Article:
Rubinger’s interest in politics goes back to her upbringing near Cherrydale, where she attended Taylor Elementary and Williamsburg Middle School. Politics was always right across the Potomac River, she said, and at home her parents were in tune with current events. There would often be a nightly discussion of the news at the dinner table.
Her interest in policy, however, was shaped at Elon. In her senior year, Rubinger wrote a thesis on the intersection between the Catholic Church’s view on birth control and the women’s movement.
“Writing that thesis and figuring out my own views was the turning point for me,” Rubinger said.
Rubinger’s tenure at Rep. Beyer’s office has come at a unique time in history. Her work as an intern began prior to the 2016 election, and has stretched into what is now the third presidential impeachment trial in American history — an impeachment process her boss has been particularly vocal about.
“It is interesting to look back and see how many things have changed,” said Rubinger.
“The one thing that I’ve noticed just in my different capacities in the office is just how much more engaged people are,” she said. “People are so outraged all the time about different things that are going on and I think [public engagement] is probably the one bright spot in everything that’s going on. People are reading the news more and staying more engaged and calling us and writing us more.”
“That is something that might have been missing beforehand,” she added.
Local Crossing Guard Honored — “Zeleke Taffesse, a crossing guard serving Taylor Elementary School in Arlington, was one of four crossing guards statewide named tops in their field as part of the Feb. 10-14 commemoration of Crossing Guard Appreciation Week.” [InsideNova, Twitter]
Inexpensive Condos Still Exist in Arlington — “There are still some bargains to be had in Arlington, particularly if you’re willing to downsize to an older condo. For example, Unit 49 in the Lorcom House Condo at 4401 Lee Hwy. in North Arlington is priced at $225,000. The monthly condo fee of $552 includes all utilities as well as trash and snow removal.” [Washington Post]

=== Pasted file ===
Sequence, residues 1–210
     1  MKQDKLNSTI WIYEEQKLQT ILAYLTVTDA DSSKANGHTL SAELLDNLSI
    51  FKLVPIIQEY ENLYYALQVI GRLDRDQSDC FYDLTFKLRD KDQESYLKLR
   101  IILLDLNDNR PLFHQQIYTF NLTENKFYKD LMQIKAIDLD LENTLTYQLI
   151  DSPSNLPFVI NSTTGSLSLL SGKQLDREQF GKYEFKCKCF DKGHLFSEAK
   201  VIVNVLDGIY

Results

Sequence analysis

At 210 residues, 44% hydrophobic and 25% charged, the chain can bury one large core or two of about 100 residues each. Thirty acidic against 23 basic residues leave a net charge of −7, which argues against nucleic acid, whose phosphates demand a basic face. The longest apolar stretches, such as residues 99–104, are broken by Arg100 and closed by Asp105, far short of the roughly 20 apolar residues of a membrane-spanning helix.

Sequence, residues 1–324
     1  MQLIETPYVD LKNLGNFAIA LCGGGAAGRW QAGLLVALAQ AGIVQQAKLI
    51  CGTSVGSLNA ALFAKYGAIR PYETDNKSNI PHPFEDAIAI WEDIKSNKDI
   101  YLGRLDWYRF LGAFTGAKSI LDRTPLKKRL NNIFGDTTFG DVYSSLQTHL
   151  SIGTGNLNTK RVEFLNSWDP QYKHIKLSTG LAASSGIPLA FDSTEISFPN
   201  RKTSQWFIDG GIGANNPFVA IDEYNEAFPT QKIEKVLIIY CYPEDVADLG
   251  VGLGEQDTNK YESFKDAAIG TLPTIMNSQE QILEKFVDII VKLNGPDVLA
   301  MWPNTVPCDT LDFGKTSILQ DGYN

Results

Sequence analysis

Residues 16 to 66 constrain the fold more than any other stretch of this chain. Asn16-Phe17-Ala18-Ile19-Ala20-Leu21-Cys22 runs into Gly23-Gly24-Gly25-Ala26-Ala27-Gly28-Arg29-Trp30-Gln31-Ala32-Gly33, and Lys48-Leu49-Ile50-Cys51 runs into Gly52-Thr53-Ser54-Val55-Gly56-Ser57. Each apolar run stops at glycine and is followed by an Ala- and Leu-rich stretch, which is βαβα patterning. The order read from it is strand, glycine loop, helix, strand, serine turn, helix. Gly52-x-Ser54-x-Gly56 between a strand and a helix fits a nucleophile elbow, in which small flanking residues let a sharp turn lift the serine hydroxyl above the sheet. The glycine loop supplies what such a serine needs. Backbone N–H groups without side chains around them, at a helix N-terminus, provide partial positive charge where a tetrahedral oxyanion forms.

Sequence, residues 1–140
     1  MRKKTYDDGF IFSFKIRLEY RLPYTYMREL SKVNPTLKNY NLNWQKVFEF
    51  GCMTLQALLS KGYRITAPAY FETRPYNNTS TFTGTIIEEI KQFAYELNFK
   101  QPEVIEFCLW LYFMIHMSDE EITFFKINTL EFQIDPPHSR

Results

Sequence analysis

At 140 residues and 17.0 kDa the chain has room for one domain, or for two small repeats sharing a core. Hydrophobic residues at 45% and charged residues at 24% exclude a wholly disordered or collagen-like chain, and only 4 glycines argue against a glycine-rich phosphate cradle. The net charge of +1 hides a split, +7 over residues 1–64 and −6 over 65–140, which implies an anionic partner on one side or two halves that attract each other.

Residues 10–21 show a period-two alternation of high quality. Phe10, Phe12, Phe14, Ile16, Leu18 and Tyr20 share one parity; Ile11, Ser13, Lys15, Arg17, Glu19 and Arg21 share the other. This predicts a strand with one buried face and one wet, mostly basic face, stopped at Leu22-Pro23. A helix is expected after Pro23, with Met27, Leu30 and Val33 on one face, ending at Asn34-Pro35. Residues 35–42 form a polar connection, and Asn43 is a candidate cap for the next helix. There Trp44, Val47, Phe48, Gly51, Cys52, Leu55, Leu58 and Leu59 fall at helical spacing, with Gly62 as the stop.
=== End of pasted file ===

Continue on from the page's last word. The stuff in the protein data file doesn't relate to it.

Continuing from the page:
Hope’s Instant Runoff Bill Advancing — “A proposal that would allow, though not require, Arlington to elect its County Board members by ‘instant-runoff’ (also known as ‘ranked-choice’) voting has cleared its first hurdle in Richmond, but still faces an uncertain future. The measure, by Del. Patrick Hope (D-Arlington), won passage in the House of Delegates on a 68-30 vote and was forwarded across the hall for consideration by the state Senate.” [InsideNova]
Beyer Holds ‘Real ID’ Event — “Congressman Don Beyer partnered with the Virginia Department of Motor Vehicles (DMV) Saturday to host a REAL ID application event for constituents of the 8th District at Wakefield High School in Arlington… Beginning October 1, 2020, U.S. residents who want to board a domestic flight or enter a secure federal facility using their state-issued driver’s license or ID as identification must have a version of the credential that is REAL ID compliant.” [Press Release]
Dorsey Hasn’t Returned Union Donation — Arlington County Board and WMATA board member Christian Dorsey, “who promised three months ago to repay a $10,000 campaign donation that violated the board’s ethics policy, has not yet refunded the money and is likely to be replaced as Virginia’s representative on the regional board. Dorsey said Wednesday that he is working on a wire transfer to return the money to a transit union that routinely negotiates with Metro.” [Washington Post]